5 tips to help you communicate with deaf colleagues

Thursday, 22 March 2018

Being a better communicator with colleagues who are deaf or hard of hearing is simple. Start applying these 5 tips and you’ll make a big difference.

1. Gain attention

Make sure you have your colleague’s attention before you start speaking to them. Put yourself in their line of vision, wave or gently tap their shoulder or desk. Maintain eye contact by directly facing them during the conversation.

2. Speak clearly

There’s no need to slow down your speech or speak with exaggerated lip movements. Talk at a natural pace and a normal volume, and avoid long and complicated sentences. Avoid covering your mouth – pens and hands are common culprits. Body language and visual cues, such as nodding and hand gestures, will help you get your message across, particularly if you have an accent.

Remember that people who are deaf communicate in lots of different ways – lip reading, Auslan and other sign languages, interpreters, written messages. The best thing to do is to ask what they prefer.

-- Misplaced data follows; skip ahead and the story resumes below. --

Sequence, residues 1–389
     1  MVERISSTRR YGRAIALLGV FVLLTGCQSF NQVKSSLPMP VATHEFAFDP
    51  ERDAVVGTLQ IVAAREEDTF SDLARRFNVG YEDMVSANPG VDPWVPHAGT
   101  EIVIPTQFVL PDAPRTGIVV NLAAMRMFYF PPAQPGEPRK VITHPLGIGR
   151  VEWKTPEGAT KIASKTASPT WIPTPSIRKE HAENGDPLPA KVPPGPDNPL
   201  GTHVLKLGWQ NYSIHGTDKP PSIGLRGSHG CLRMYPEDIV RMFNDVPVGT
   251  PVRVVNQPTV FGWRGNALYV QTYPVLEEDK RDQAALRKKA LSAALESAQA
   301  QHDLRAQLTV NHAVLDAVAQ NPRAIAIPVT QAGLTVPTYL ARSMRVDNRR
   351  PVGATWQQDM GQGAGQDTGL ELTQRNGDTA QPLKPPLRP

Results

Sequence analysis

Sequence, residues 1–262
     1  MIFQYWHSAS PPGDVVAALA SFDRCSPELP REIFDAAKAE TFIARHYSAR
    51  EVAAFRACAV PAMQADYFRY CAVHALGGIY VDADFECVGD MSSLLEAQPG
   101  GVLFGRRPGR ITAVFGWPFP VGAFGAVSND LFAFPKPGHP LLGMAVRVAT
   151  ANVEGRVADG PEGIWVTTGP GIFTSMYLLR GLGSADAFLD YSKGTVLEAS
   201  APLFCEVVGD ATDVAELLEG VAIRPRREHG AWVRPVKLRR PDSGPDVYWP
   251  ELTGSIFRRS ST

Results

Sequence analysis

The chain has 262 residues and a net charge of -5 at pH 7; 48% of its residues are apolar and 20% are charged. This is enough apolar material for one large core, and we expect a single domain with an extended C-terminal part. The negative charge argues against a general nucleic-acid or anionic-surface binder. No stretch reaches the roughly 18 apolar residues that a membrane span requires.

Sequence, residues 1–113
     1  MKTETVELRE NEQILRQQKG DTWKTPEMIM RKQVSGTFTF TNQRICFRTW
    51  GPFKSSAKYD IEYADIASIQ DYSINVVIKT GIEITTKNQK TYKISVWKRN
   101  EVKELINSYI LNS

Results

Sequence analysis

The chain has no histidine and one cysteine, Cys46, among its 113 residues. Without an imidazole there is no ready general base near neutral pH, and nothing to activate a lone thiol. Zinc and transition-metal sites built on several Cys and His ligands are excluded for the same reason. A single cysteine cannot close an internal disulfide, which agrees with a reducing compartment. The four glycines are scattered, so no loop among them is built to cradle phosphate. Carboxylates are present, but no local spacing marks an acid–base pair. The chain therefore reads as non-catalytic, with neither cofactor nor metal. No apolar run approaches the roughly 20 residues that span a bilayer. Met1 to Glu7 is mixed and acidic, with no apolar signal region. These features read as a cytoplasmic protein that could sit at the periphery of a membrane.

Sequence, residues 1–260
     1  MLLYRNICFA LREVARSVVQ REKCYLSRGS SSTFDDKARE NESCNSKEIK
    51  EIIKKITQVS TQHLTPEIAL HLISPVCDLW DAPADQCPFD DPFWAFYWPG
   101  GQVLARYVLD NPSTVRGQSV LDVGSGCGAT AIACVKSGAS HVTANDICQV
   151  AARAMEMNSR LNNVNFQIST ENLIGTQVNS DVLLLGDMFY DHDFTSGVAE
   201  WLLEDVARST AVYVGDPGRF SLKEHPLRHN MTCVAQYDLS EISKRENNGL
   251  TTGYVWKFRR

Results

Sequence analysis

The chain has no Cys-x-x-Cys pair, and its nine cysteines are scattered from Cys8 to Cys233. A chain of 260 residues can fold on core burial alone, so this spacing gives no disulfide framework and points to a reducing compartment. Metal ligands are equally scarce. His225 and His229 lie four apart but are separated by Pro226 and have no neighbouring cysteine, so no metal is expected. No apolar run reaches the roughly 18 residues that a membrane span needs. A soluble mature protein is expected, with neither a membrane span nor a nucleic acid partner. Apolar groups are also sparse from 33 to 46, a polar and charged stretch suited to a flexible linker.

3. Have good lighting and limited background noise

To help your colleague see you clearly, stand 1-2 metres from them. If you’re too close, it’s harder to lip read and see visual cues. Have adequate lighting on your face and don’t sit with bright lights behind you. Pay particular attention to visibility conditions in outside situations, such as meetings at a café.

Limit the background noise when possible, and ask your colleague if they’ve caught the whole conversation. Noisy workplace locations can make it difficult for deaf colleagues to keep track of conversations.

4. Check for understanding

Provide context at the start of your conversation so you’re both on the same page. If your colleague shows signs of not understanding you, repeat or rephrase what you’ve said and make sure you’re being clear. When in doubt, ask your colleague how you can improve your communication.

5. Provide additional communication support

There are lots of services and assistive technologies that can support people who are deaf. Here are a few to consider for special events, training, meetings and workshops:

  • Live captioning
  • Interpreters (remember to always speak directly to the person, not their interpreter)
  • Notetakers
  • Captions and transcripts for videos

Follow these tips and you’ll be on your way to better communication in the workplace.